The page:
Netanyahu the UN and the Palestinians

No one won at the UN in the Palestinian bid for statehood, but neither was it a tie.

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October 7, 2011 11:05
4 minute read.
PM Netanyahu speaks at UN General Assembly

Netanyahu 311. (photo credit: REUTERS)

 
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It was just another battle; yet another skirmish in the long conflict between the Israelis and the Palestinians. This time the battle was waged by diplomatic means, between two veteran gladiators.

Palestinian Authority President Mahmoud Abbas had the advantage in the choice of the battlefield, since the UN is sympathetic to the Palestinian cause. The weapons were the media, where Israeli Prime Minister Benjamin Netanyahu has the advantage thanks to his natural talents. So who won? Netanyahu didn’t win, yet Abbas didn’t lose. But this was no tie, either. In the final count, which ultimately only history can tally, it would appear that Abbas took significant strides toward accomplishing his goal of an independent Palestinian state while, in contrast, Netanyahu was fighting a losing battle.

This was a battle between two historical narratives; Netanyahu and Abbas presented two different stories about the same conflict over the same piece of land. Naturally, each side chose to ignore or diminish the importance of the other in the history of the land of Israel/Palestine. However, the important difference from previous partition plans is that the current conflict, at least from Abbas’s point of view, isn’t over the entire Greater Land of Israel/Palestine but over only part of it – the 1967 borders. Thus, this is no longer a zero-sum game, but rather a conflict that allows for a solution – at least in the eyes of those who want a solution.

In contrast to a military or financial struggle, where Israel holds clear superiority, the battle at the UN starts out on a level playing field, with perhaps even an advantage for the Palestinians, thanks to the wide support they enjoy from the nations of the world (and not only the nations of the Third World). In a global community, where occupation and colonialism are considered illegitimate, an Israeli narrative that attempts to explain why they are justified for security reasons is viewed as little more than crass apologetics. So even when Netanyahu orates the Jewish-Israeli narrative with great skill and flourish, the world sees it as nothing more than rhetorical demagoguery.

For sure, historians will be interested in Abbas’s and Netanyahu’s speeches, even though their content was not important. What is important is that Abbas managed to bring the Palestinian issue back into world consciousness and to present Israel as the local bully that is refusing to compromise with its neighbors.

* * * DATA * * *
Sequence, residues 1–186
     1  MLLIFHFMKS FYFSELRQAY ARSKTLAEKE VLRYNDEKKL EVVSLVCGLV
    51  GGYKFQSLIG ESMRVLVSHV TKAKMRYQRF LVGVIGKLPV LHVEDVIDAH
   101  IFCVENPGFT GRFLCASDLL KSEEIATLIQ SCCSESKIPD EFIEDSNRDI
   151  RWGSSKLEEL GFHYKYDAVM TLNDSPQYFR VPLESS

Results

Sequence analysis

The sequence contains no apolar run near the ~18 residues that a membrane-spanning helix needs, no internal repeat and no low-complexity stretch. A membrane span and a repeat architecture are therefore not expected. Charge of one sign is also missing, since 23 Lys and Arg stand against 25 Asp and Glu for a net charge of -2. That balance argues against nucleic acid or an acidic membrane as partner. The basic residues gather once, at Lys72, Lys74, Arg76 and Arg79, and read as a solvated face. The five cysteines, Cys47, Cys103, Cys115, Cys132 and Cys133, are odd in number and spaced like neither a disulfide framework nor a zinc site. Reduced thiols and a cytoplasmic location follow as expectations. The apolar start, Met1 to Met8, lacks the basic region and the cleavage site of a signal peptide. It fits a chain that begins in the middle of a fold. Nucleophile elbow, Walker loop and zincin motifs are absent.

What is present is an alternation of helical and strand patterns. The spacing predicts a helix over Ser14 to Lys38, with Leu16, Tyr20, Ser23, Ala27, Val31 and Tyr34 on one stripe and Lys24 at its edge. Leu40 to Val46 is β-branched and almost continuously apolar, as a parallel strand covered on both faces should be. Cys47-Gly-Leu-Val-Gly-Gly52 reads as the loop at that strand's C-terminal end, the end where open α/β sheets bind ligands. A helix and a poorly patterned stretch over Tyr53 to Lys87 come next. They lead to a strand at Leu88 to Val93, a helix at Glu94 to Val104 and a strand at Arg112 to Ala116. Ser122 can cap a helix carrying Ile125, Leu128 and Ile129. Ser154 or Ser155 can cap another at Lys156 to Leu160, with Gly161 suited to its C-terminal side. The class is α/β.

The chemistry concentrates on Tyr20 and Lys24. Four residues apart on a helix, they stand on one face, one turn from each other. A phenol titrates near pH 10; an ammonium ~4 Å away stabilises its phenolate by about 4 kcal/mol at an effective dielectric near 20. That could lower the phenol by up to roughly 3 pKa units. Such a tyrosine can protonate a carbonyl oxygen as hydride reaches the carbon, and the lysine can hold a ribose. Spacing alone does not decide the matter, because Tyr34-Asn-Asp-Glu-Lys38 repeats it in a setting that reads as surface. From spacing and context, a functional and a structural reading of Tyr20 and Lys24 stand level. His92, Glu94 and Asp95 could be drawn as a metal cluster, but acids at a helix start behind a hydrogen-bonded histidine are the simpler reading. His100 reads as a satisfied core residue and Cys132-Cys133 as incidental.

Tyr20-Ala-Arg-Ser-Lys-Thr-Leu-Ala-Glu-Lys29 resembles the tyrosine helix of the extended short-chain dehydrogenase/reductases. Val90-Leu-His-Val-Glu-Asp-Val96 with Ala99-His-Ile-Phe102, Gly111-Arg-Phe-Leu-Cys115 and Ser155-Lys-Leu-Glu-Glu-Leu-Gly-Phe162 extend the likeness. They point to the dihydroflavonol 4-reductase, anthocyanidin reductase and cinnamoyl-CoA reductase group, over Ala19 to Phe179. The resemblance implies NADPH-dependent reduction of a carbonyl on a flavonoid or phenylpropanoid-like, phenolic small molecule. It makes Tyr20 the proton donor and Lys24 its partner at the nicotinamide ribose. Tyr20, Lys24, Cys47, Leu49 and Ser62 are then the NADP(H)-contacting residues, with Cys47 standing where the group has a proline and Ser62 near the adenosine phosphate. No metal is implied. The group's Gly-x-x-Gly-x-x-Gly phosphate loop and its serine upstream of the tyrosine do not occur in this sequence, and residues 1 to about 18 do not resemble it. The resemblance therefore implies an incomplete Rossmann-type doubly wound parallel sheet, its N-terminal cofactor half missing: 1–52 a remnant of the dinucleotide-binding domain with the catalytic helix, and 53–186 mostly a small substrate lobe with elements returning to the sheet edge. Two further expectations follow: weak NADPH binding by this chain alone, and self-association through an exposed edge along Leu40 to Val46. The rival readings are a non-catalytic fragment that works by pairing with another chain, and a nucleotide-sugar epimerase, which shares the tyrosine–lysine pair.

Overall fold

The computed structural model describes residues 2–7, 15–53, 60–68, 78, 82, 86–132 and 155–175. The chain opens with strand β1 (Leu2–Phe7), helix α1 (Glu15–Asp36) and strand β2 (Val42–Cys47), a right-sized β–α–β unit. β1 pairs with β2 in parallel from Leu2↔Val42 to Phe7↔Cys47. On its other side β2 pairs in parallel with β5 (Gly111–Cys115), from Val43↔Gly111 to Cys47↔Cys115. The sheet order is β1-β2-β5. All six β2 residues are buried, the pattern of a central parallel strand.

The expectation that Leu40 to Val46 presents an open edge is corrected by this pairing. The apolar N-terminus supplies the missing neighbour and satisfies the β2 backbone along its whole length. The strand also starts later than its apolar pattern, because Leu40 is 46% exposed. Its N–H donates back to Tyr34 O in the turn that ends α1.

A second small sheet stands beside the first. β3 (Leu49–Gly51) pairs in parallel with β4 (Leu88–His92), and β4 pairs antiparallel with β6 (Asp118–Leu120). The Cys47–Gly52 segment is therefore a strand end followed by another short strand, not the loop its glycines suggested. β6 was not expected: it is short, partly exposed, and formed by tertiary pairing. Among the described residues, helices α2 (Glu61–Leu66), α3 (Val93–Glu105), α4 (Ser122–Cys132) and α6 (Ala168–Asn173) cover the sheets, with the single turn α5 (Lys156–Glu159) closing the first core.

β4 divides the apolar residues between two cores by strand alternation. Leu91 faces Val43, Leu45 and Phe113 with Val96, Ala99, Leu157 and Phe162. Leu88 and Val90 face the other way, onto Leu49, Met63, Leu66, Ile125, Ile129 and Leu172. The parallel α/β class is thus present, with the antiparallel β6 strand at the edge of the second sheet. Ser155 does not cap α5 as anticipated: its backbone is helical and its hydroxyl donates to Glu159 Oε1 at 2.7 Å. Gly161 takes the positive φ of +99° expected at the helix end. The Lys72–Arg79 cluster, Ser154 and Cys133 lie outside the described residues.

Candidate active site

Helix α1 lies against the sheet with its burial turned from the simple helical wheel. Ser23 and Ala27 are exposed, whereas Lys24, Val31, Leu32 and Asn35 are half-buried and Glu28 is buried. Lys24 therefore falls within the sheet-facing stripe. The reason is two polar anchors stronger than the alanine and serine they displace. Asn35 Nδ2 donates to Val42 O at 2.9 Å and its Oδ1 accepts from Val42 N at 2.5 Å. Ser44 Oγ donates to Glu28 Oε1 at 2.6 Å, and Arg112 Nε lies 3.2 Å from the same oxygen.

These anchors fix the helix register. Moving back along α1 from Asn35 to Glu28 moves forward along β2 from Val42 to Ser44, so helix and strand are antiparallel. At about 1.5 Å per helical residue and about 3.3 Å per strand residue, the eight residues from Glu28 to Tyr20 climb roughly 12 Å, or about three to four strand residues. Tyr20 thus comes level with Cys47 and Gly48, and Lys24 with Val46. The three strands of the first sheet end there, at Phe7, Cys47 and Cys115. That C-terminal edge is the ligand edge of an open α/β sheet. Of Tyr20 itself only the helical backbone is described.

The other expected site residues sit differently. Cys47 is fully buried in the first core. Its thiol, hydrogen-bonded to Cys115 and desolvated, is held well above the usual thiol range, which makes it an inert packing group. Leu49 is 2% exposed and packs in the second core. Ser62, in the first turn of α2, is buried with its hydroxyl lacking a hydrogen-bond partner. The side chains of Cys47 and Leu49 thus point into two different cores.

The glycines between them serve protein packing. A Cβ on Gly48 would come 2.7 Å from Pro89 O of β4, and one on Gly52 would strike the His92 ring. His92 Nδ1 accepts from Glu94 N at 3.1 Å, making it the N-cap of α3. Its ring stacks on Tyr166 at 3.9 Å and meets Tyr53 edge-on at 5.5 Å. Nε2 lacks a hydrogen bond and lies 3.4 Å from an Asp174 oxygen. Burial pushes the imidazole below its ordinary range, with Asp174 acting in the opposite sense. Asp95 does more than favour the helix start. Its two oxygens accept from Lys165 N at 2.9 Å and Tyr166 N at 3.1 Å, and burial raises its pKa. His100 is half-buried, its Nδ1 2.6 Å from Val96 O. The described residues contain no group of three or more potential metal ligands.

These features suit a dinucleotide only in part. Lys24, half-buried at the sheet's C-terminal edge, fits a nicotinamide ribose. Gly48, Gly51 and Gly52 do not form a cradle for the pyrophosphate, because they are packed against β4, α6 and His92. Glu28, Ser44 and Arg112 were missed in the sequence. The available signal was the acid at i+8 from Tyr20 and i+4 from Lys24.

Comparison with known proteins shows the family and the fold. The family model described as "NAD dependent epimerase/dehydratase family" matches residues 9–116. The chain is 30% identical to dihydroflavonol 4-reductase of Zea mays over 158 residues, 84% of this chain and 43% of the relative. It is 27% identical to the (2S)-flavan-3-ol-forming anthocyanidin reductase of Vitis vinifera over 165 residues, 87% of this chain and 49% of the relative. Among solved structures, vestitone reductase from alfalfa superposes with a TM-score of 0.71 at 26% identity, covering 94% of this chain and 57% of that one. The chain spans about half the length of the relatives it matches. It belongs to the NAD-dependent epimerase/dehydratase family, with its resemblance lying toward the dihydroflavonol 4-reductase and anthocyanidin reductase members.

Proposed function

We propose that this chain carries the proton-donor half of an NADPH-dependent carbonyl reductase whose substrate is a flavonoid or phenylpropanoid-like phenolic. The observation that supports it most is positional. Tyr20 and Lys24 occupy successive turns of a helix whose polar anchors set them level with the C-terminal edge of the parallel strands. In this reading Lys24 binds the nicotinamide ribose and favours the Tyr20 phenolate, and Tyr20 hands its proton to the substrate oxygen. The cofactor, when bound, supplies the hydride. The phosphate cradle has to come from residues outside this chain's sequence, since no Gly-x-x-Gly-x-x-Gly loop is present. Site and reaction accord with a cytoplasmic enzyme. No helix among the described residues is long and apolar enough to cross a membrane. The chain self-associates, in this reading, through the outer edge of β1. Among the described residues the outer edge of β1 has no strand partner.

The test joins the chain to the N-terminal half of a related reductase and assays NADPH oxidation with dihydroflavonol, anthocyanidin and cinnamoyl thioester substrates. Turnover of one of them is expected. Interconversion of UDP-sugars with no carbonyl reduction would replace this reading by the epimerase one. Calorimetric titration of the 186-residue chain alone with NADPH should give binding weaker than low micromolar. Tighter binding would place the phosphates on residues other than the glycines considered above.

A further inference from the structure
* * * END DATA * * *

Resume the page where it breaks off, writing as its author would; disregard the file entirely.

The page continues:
Moreover, the main significance of Abbas’s brilliant UN maneuver is that it serves as a crucial further step along the way towards the establishment of a Palestinian state. This process began with the first partition plan in 1937 (the Peel Commission Report) and continued with the second partition plan in 1947 – the two plans that the Palestinians rejected and, in so doing, missed a historical opportunity to establish a state within borders that would have been far superior to the ones currently being negotiated. The process then continued with the PLO’s Phased Plan in 1974 and PLO Chairman Yasser Arafat’s declaration of independence in 1988.

These have been the primary international milestones along the road toward the establishment of the Palestinian state. The new Palestinian request for UN recognition has become another such milestone.



What can and should Israel do? Israel must understand that in many respects the struggle for the establishment of a Palestinian state in the 1967 borders with east Jerusalem as its capital has been won. According to Israeli polls, the public has generally accepted these terms. The exact details will be determined in the final negotiation, but the basic guidelines, so it seems, have been set.

Thus, Israel must try to shape the agreement to suit its own interests.

Obviously, different political groups define these interests differently, but it would appear that a majority of Israeli society is willing to accept a solution according to these broad guidelines.

It is important to seize this opportunity, while there is still a moderate Palestinian leadership that opposes violence and seeks peace. The fact that Hamas controls Gaza and opposes such a solution makes it harder to solve this conflict permanently, but Abbas’s failure would be Hamas’s victory – and that is something that Israel must prevent at all costs.

The composition of the current Israeli government does not bode well for the continuation of the diplomatic process. But should Netanyahu become convinced – as were former prime ministers Ariel Sharon and ehud Olmert, each in their time – that continued negotiations are the right and necessary thing to do, then he has enough political legitimacy to change the composition of his coalition and inscribe himself in the annals of history.

Until then, Netanyahu remains merely a footnote.

Prof. Elie Podeh teaches in the Department of Islamic and Middle Eastern Studies at the Hebrew University of Jerusalem.

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